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Welcome to Flathead Audubon

We strive to be your Northwest Montana Bird Headquarters. Feel free to return to this site many times for everything “Birdy.”

Harlequin Duck Photo Credit: Dick Walker

Summer is a time for getting out and exploring our landscapes. At Flathead Audubon, our primary objective is seeing all of our feathered friends, but that’s an excuse to see our wild country and ALL of its inhabitants.

We are getting outside with many incredible field trips. Make sure you head on over to our Activities and Field Trips Page to see what’s happening and what excursions you may want to join in on. During the summer, we take a break from our monthly meetings, but will resume again in September. Check out the Latest News which will have recaps of our field trips as well as some great stories and announcements as summer draws to a close.

Also, our 2018 Phenology Calendar called “Glacier Country” is now available for sale! It features 365 days of “what’s happening” in northwest Montana’s wild places as well as activities. Some of these activities are done at home while others are events such as Earth Day and the Forestry Expo. Each month also features a wonderful photo of flora or fauna with a wonderful insight into what’s happening.

Purchase the calendar at our meetings when they resume in the fall, at numerous retailers near you, or on our own Flathead Audubon Store.

In the meantime, get out, enjoy the longer days, and say hello to our summer birds!

Click the button below to become a Flathead Audubon member!

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Latest News

Spruce Grouse

By Kathy Ross Imagine the shock of hearing an engine start up in the middle of a beautiful forest a long distance from road or apparent civilization. I know I was truly puzzled and a little disconcerted by this mechanical sound in the quiet of a peaceful woodland setting, only to discover it was an […]

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REDSTART

American Redstart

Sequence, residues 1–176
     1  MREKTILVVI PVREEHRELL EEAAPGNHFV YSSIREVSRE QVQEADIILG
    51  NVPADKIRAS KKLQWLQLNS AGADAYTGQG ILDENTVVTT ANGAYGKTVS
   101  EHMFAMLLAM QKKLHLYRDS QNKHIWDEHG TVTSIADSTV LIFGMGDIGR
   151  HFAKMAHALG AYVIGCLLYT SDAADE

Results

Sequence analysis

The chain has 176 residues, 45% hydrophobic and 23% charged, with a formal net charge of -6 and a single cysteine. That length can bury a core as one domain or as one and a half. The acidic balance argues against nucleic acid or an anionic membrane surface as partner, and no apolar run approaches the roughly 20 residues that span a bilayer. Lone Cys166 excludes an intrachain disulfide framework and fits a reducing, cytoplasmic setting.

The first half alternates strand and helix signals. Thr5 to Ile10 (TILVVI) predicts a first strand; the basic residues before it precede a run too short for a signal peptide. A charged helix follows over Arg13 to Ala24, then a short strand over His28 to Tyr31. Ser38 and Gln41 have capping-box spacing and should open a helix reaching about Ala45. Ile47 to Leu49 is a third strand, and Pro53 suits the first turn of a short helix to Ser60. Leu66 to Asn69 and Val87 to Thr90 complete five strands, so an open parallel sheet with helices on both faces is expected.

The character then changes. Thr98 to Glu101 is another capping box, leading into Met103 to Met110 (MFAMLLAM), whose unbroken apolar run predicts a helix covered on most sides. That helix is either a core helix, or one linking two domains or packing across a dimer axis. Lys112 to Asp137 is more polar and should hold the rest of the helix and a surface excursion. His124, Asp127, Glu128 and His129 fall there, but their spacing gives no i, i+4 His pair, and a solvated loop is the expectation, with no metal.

By Lewis Young Although a member of the large family of wood-warblers that are sometimes difficult to tell apart, American Redstarts have distinctive color patterns and behavioral traits that make them relatively easy to identify. Adult males are glossy black with bright orange patches on wings, tail and sides. The belly and under the tail […]

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Tennessee Warbler

By Gail Cleveland Among the breeding wood warblers in Western Montana, the Tennessee Warbler has been the most elusive and difficult to see each summer. For 25 years, my husband Bruce and I have taken an annual May bike ride from the Trego area down Wolf Creek to the Fisher River and on to the […]

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Black Swift

Black Swift

By Ben Young A“Enigmatic.” “Unknown.” Take a glance at the species account for the Black Swift (Cypseloides niger) in your field guide and you’ll see such descriptors associated with aspects of its life history. How else can one describe a non-perching bird that is seen only as it flies (Sibley 2000) (often foraging high enough […]

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Western Grebe

By Lewis Young The Western Grebe is a striking black and white bird with a long slim neck and a long bill. The largest of our grebes with a length of 25 inches, a wingspan of 24 inches, and weighing just over 3 pounds, they have a long greenish-yellow sharp-pointed bill, and black (or dark […]

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Warbling Vireo

By Gail Cleveland Although vireos are persistent singers during the breeding season, these rather plain birds seem to hide among the foliage of treetops and dense thickets, proving to be difficult to see. Consequently, they are one family that beginning bird watchers often overlook. Of this strictly New World family of birds, Northwest Montana has […]

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